Featured image by Kevin Wallace

This review was commissioned by Hippoboy281 over on my Ko-fi account.

GCW tastes like fast food to me. Having spent the day going through this particular batch of reviews, I find myself never really actively disliking the time I spent consuming what I did. The further I get away from each match though, the more the lasting impression left on me more often than not is one of lack. Emptiness, a lack of substance and nutrition, even when the individual moment-to-moment experience isn’t unpleasant, and occasionally even has its delights to offer.

Take this The Art of War Games match, for instance. It’s not really so bad in the moment, but it’s just kind of a match that passes by, with its own high points, but not much left that sticks. Many of these problems are not GCW-exclusive though. As with many a modern WarGames, this suffers from a total lack of respect and understanding of its source material. This commits a dozen different sins that have plagued pretty much ever WarGames-adjacent match post-2006, and some of the mistakes are cliche enough in themselves to just have me immediately check out when they present themselves.

The biggest problem here is that it suffers from the key mistake so many people make when attempting WarGames: it places far too much importance on The Match Beyond.

I imagine this is a byproduct of having too much emphasis on false finishes and nearfalls in modern wrestling, such that most promoters and workers can’t fathom running this match without the opportunity to create tension in those means. This bout compounds those issues by making it elimination rules once everyone enters the cage as well. What this means is that the staggered entry feels even more perfunctory than ever: just a means of getting pops to recognizing the wrestlers’ theme music instead of being the actual substantial narrative of the match itself.

A second cliche gives away how little thought everyone involved gave The Match That Precedes.

Nick Gage is the final entrant for the GCW side of the match, and instead of his climactic arrival acting as a shifting of the tide, it instead precedes the most vapid and disgusting of modern WarGames tropes: each team standing still in one ring to have a lame face off that ends with everyone throwing weak punches at each other. Pure dogshit choice, not just here, but every single time I see it in Blood & Guts or WWE or in every non-Briscoes tag featuring FTR. A real indicator that the staggered entrance is for pops alone without real regard for how the final babyface showing up for his team levels the playing field through sheer force of effort and skill–not through the coordinated decision to manufacture a Moment that every other promoter with two cages to spare has tried and fail to capture.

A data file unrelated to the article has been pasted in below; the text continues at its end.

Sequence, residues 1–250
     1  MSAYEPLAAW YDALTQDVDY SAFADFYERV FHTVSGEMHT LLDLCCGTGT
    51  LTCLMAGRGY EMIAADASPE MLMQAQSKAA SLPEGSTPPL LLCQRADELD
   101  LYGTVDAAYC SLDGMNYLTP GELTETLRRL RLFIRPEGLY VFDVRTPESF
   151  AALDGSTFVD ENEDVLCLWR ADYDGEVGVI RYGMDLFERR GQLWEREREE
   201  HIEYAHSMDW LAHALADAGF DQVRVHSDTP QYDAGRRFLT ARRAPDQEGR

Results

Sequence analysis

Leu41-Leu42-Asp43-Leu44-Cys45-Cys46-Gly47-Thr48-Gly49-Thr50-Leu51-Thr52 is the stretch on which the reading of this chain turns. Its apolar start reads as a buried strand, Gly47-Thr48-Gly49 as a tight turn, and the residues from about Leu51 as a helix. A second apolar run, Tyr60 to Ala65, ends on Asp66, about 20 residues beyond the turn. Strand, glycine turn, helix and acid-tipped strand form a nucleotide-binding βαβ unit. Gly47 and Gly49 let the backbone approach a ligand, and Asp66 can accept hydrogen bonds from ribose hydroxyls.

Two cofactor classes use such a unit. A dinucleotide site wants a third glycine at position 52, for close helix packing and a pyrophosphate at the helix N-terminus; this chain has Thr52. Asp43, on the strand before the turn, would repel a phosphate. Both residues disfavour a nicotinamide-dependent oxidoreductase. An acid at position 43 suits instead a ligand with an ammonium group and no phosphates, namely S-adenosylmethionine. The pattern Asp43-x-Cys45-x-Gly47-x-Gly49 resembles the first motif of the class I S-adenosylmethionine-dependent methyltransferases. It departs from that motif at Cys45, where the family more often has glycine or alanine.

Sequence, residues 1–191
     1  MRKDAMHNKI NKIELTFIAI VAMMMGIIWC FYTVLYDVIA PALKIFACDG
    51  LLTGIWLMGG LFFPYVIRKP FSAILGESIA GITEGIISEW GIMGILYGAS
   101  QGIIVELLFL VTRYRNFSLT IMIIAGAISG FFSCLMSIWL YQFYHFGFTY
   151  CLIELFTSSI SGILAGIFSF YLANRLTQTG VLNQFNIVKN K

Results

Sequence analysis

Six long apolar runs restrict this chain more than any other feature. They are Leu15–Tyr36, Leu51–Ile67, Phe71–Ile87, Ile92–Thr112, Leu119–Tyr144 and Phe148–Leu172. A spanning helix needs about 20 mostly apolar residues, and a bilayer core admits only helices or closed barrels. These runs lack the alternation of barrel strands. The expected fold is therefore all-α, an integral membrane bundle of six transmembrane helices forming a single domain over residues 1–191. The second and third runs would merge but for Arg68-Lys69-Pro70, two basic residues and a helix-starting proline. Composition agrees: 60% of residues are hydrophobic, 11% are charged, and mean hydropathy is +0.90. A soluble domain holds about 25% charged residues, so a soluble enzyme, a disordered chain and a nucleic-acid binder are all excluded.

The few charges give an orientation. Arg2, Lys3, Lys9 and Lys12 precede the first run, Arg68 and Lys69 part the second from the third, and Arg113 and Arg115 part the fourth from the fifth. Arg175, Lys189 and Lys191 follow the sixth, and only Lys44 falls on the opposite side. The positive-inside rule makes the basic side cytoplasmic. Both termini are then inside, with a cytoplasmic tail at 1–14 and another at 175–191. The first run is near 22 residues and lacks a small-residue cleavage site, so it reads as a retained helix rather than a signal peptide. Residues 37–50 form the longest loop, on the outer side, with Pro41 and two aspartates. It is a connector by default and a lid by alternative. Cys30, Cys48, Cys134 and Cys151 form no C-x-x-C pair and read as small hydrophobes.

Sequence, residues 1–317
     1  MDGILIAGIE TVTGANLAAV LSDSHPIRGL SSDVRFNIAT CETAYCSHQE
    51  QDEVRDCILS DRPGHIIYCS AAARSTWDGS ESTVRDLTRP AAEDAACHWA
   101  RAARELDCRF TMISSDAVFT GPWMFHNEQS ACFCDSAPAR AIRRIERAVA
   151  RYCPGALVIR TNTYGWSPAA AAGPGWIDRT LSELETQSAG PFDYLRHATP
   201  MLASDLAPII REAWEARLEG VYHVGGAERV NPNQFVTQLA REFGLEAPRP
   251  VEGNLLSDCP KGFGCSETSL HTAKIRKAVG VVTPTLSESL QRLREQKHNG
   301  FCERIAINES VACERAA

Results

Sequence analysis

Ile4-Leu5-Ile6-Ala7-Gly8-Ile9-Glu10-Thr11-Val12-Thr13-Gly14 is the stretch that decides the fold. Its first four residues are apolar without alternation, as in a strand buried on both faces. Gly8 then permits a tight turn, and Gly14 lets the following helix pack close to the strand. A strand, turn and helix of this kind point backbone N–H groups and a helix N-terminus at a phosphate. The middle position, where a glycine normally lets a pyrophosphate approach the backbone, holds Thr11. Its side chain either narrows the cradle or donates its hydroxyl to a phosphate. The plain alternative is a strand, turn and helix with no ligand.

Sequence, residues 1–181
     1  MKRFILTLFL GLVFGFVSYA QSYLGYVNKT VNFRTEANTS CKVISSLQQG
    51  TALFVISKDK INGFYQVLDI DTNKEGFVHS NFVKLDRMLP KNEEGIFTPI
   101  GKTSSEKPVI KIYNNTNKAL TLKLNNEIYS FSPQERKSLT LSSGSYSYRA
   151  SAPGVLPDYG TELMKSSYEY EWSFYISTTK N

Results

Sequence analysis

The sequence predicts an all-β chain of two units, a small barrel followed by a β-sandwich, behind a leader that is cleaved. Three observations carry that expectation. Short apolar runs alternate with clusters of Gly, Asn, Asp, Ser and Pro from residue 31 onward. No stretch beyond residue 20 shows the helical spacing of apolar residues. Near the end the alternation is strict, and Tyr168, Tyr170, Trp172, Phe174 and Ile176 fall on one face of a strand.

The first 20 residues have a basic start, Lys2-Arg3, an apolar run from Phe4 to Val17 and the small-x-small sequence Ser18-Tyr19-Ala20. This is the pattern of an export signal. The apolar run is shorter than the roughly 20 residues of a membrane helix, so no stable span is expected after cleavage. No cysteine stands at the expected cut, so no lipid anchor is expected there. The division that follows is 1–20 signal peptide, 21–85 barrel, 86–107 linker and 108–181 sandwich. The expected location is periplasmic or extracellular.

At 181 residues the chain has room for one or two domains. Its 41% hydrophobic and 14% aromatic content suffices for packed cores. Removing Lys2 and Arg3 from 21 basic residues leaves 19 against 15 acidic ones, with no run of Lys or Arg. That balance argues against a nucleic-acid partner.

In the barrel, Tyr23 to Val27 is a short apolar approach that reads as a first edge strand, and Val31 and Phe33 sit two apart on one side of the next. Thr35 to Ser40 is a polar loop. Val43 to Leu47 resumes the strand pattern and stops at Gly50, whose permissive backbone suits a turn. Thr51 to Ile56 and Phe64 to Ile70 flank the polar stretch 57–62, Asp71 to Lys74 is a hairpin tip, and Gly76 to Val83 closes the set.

Another major problem is that Team FREEDOMS don’t work heel all that well. They’re cast in that role as both an outsider force as well as winning the numbers advantage in the coin toss. The problem is their control segments in the initial half of the match don’t feel all that threatening outside of when Takeda and Sugiura get the chance to isolate Rina in the first handicap portion. Another awful example sees Takashi Sasaki entering the match as the final member of Team FREEDOMS and going up on the turnbuckle to pose and hotdog instead of helping his team. Sure, he pays for it when the babyfaces come for him, but that doesn’t last all that long as the heels go back into control soon again anyway. A totally wasted opportunity to build the tension for Gage’s final entrance.

The shame here is that for the first ten minutes or so, the rhythm is a little off but it is at least recognizable. Sometimes, a comeback comes to soon, or it’s a little too back and forth, but the big swings in momentum still come through when John Wayne Murdoch enters or when the Macizos start diving in and making their presence known. Rina’s also such a great character, incredibly likeable as the babyface getting worked over, and filled with so much life when on offense. By the end, you’ve even got Jun Kasai and Nick Gage, two extremely charismatic performers even to this day. The backbone to a decent enough match is there, but the construction actively flushes it all away by the end.

Perhaps the one saving grace for this whole mess is that spot you’ve probably seen of Violento Jack and Ciclope coming off the scaffolding through a whole pile of chairs, tubes, and glass. It’s sick as hell, made all the most boring people in the world mad, and it’s easily the best moment of the match. I don’t care for all the boring bad faith takes that stick with great deathmatch stuff like that with regards to safety and pay. A much more interesting discussion here might be how the spot is awfully placed in the bout, coming in at the halfway point of the The Art of War Games segment where eliminations are in play. It is so spectacular and breathtaking that the crowd actively stops caring about anything happening in the ring for about five minutes while the others kind of just fumble about doing nearfalls trying to regain the crowd’s attention.

What so few seem to understand is that WarGames is predicated on teamwork. That’s obvious in the narrative sense, but it should come through in the performances as well. These matches work best when there’s the genuine feel that two squads are fighting, using the numbers and the shifting circumstances to their advantage. So many WarGames now just feel like modern Royal Rumbles: the people who need to do their spots are the center of attention while a bunch of others just sit waiting for their turn to get into the fray.

Fast food wrestling, man. Stop for even a moment to think about it, and all you feel is regret.

Rating: **

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